Leaders of State Departments of Agriculture request funding for inland waterway projectsView Source
DES MOINES, Iowa (Dec. 22, 2021) – Agriculture leaders from Iowa, Minnesota, Missouri, Wisconsin and Illinois submitted a joint letter requesting support in prioritizing funding for the Navigation and Ecosystem Sustainability Program (NESP) for inland waterway projects. A copy of the letter can be found below.
December 17, 2021
The Honorable Mike Connor Assistant Secretary of the Army for Civil Works 108 Army Pentagon Washington, DC 20310-0108
Dear Assistant Secretary Connor:
As leaders of state departments of agriculture, we request your support in prioritizing funding for the Navigation and Ecosystem Sustainability Program (NESP) – utilizing the $2.5 billion provided in the Infrastructure Investment and Jobs Act (IIJA) for inland waterway projects.
Farmers in our states are global leaders in producing soybeans, corn, and other agricultural products. They depend upon a well-maintained multi-modal transportation system for market access and global competitiveness. The inland waterway system, including the inventory of locks and dams, is an essential link in this supply chain – capable of transporting agricultural or other freight in an economical, reliable, environmentally sustainable, and safe manner.
The NESP program was included in the December 2020 Inland and Intracoastal Waterways Twenty-Year Capital Investment Strategy (CIS) developed by the Army Corps of Engineers and the Inland Waterways User Board. The IIJA recommends that funding priority be provided to projects included in the CIS. The CIS recommends that Tiers A and B construction projects should be funded to completion, which includes Lock and Dam #25 (Tier A), LaGrange Lock and Dam (Tier A), and Lock and Dam #24 (Tier B). Nearly every bushel of soybeans, corn, or other agricultural commodities loaded onto a barge along the Mississippi River from the states of Illinois, Iowa, Minnesota, Missouri, and Wisconsin will need to transit Lock and Dam #24 and #25 en route to export facilities near the Gulf of Mexico. Similarly, LaGrange Lock and Dam is an essential link in the supply chain for the Illinois interior.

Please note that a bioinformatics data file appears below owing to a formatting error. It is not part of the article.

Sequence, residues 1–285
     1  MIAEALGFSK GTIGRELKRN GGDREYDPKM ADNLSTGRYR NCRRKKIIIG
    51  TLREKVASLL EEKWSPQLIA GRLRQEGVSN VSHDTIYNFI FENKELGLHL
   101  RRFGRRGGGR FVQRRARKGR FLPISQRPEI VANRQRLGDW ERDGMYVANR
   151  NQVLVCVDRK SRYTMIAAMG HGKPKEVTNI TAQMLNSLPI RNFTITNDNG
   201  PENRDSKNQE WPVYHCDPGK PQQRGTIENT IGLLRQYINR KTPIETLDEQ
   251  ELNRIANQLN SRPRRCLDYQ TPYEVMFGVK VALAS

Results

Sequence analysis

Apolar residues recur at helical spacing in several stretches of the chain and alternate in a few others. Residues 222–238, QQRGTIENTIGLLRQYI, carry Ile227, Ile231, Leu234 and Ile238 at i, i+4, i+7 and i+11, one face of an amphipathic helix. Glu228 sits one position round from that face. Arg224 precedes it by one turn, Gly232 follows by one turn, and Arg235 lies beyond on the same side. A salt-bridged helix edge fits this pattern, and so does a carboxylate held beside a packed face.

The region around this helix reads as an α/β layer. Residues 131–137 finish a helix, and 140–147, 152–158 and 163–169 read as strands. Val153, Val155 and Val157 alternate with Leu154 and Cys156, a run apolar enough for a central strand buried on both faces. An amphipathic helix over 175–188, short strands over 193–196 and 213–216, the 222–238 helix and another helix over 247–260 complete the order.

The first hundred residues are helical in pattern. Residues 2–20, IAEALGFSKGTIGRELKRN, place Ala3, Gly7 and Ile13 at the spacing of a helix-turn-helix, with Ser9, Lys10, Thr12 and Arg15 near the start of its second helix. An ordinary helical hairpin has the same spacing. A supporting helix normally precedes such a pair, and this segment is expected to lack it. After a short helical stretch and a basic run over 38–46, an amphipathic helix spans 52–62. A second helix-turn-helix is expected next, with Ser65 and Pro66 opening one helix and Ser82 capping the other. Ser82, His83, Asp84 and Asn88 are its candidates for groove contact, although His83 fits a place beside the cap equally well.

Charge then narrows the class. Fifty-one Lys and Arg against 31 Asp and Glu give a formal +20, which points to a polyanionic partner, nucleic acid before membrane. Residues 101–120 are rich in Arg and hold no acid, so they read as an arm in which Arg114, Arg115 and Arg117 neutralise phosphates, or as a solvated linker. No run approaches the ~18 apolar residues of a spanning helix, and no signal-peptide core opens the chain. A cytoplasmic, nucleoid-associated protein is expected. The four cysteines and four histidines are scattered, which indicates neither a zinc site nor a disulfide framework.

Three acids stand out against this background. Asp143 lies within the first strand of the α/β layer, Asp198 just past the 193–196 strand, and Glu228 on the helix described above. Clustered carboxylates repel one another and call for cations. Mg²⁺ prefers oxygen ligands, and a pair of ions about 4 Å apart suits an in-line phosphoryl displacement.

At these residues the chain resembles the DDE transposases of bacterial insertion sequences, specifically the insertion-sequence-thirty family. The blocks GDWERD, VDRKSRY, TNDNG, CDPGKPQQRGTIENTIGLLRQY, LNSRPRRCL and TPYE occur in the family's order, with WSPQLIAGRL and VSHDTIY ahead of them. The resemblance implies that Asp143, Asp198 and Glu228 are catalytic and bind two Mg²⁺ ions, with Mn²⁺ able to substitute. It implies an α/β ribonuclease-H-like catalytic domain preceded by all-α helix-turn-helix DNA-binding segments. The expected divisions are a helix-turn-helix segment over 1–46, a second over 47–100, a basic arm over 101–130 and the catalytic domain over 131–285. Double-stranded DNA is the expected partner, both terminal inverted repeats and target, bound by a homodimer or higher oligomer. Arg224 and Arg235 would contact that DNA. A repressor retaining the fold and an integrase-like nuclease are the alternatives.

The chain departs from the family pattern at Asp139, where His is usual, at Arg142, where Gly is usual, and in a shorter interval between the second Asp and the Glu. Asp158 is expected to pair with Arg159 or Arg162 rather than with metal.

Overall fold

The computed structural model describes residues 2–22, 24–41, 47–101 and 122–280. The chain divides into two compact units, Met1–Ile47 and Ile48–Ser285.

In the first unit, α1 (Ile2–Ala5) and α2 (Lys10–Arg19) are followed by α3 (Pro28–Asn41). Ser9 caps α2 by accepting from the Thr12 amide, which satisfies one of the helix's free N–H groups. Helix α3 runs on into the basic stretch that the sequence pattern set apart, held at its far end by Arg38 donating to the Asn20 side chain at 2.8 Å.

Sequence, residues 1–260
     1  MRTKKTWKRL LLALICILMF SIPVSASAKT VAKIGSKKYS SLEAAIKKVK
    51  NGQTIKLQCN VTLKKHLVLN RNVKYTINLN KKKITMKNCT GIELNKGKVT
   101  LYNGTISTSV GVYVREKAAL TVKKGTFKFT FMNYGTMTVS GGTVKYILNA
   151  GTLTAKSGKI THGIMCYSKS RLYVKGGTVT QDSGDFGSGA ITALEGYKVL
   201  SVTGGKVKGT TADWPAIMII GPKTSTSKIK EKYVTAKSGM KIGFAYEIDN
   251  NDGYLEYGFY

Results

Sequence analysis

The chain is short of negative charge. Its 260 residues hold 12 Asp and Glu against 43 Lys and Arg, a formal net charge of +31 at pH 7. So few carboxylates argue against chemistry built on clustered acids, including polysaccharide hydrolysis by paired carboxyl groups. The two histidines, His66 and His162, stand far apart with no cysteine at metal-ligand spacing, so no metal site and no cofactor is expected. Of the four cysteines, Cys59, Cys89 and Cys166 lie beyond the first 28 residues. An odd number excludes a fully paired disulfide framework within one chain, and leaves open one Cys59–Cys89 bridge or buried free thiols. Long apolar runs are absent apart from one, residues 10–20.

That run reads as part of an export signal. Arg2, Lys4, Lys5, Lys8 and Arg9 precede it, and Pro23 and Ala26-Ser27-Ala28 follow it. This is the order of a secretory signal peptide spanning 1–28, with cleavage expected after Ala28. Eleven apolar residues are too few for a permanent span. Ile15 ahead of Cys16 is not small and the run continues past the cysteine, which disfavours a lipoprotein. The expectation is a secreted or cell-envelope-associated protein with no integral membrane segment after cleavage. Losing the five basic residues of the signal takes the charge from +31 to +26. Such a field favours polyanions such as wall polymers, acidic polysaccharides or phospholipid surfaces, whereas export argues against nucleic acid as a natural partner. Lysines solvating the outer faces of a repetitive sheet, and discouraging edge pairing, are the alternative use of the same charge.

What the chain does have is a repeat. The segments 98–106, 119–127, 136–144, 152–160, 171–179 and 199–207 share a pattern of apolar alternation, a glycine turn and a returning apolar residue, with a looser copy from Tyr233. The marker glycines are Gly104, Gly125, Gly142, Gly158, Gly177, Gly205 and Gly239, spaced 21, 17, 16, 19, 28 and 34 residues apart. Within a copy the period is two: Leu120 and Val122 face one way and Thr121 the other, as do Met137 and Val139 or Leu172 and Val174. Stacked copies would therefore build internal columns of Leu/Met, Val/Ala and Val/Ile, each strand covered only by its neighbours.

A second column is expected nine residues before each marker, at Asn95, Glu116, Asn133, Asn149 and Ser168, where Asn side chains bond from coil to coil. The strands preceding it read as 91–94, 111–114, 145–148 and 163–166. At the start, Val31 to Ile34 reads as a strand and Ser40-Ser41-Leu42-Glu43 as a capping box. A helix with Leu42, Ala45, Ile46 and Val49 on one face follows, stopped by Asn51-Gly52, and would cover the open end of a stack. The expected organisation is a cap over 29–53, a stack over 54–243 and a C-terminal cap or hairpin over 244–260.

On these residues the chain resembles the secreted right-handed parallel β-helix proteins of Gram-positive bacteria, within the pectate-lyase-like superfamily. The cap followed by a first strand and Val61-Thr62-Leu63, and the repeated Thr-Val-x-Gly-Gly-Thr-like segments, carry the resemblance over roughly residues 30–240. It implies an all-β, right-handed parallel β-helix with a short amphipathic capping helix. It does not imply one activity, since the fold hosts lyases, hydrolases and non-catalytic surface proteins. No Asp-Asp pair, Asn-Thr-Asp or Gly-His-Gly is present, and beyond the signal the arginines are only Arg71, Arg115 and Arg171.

Many of the locks and dams throughout the upper Mississippi River region were opened over 80 years ago and provide only a single, 600 ft. X 110 ft. lock chamber. Construction at the above-mentioned locks and dams would result in a new 1,200 ft. X 110 ft. lock chamber being built adjacent to the existing 600 ft. X 110 ft. lock chamber. This would enable a typical fifteen barge tow – transporting over 800,000 bushels of soybeans or corn – to transit the lock in one single pass (a 30-45 minute process) compared to disassembling the barge tow into two sections, which results in two passes (a two hour process). In addition, a second lock will provide needed resiliency and redundancy, allowing a key link in the supply chain to remain operational if one of the lock chambers was closed.
The challenges confronting our national and global supply chain serve as a reminder that a breakdown or interruption at one critical location can have a significant impact on a range of industries and the broader economy. For the farmers in our states, a major failure at a single lock and dam would significantly inhibit their ability to meet the demand of their international customers.
Inland waterway stakeholders have demonstrated a willingness to invest their own resources to advance these important infrastructure projects. Several years ago, the navigation industry proposed and achieved a 45 percent increase in their commercial diesel user fee to provide additional investment to improving the inland waterways system. Farmer organizations, including the United Soybean Board, the Soy Transportation Coalition, the Illinois Soybean Association, the Iowa Soybean Association, the Iowa Corn Promotion Board, the Minnesota Soybean Research and Promotion Council, and the Missouri Soybean Merchandising Council recently partnered together to raise $1 million to help underwrite the cost of pre-engineering and design expenses to encourage the NESP program to proceed. We applaud these farmer organizations for their dedication and encourage the Army Corps of Engineers to collaborate with them on this important effort.
As our nation proceeds with enacting the IIJA investment plan, we request the inland waterway system, and Lock and Dam #25, LaGrange Lock and Dam, and Lock and Dam #24 be among the specific projects to receive funding. This will help position farmers in our states to remain competitive in the 21st century.
Mike Naig - Iowa Secretary of Agriculture
Thom Petersen - Minnesota Commissioner of Agriculture
Chris Chinn - Missouri Director of Agriculture
Randy Romanski - Wisconsin Secretary of Agriculture
Jerry Costello - Illinois Director of Agriculture